‘My de­sign has a cer­tain the­atri­cal­ity’

The Daily Telegraph - Property - - Front Page -

me be­cause they want some­thing dif­fer­ent. My de­sign has a cer­tain the­atri­cal­ity and play­ful­ness. It tells a story,” he says.

De­spite the down-to-earth lo­ca­tion, off the usual beaten track for A-list ac­tresses and su­per­mod­els, Carter’s house has hosted an ex­tra­or­di­nary num­ber of fa­mous names. He­len Mir­ren and Or­lando Bloom are among a long list of ac­tors to have filmed there, Emeli Sandé and Paloma Faith are some of the many to have shot mu­sic videos in the house, and hun­dreds of fash­ion pho­tog­ra­phers have helped it grace front cov­ers all over the world. Many other vis­i­tors pass through its the­atri­cal cor­ri­dors for monthly event nights, in­clud­ing Bed­time Story Nights that see them spilling out on to the pave­ments in their py­ja­mas.

Also known as the “mi­cro bou­tique ho­tel” 40 Winks (40winks.org), this quirky three-bed­room house, built in 1717, is one of the old­est in Lon­don. When Carter bought it 20 years ago, for £149,999 from the Spi­tal­fields His­toric Build­ing Trust, it was near derelict. “It had never had any heat­ing be­yond the fire­places and the only run­ning wa­ter was the rain that poured in from the roof. You could sit in the kitchen and look up to see the sky,” says Carter, whose (now ex) wife was preg­nant with their first child at the time. He spent two years and huge sums ren­o­vat­ing the ruin, partly fi­nanced by a grant from the Her­itage Trust.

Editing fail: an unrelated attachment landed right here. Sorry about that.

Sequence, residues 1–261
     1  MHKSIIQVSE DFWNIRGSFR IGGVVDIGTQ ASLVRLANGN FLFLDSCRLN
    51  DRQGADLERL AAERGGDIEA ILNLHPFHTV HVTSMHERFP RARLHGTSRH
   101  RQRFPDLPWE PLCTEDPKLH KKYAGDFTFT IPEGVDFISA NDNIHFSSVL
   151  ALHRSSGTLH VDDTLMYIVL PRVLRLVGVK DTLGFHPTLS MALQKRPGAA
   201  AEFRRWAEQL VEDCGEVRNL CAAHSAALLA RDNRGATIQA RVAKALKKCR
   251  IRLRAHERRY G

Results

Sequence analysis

“In the Six­ties, the house was used as a laun­derette, and after that sim­ply for stor­age, so much of the orig­i­nal pan­elling and stair­cases sur­vived. The East End was never a fash­ion­able place to live, so houses in this area avoided mod­erni­sa­tion in the Fifties and Six­ties that saw peo­ple rip­ping out all the orig­i­nal fea­tures,” says Carter. He pre­served and re­stored what he could and turned the rest into the most ex­otic of fam­ily homes.

He com­mis­sioned Timna Wool­lard, the dec­o­ra­tive painter – whose chi­nois­erie de­signs can be seen on the walls of The Wolse­ley – to paint his kitchen in the late Re­nais­sance style of Rome’s Palazzo Sac­chetti. The mood­ily cloudy sky on the ceil­ing is also echoed in the mu­sic room higher up the build­ing, adorned with a chan­de­lier made from

The house in Bow was com­pletely re­stored, main; the op­u­lent bath­room with gold walls, be­low

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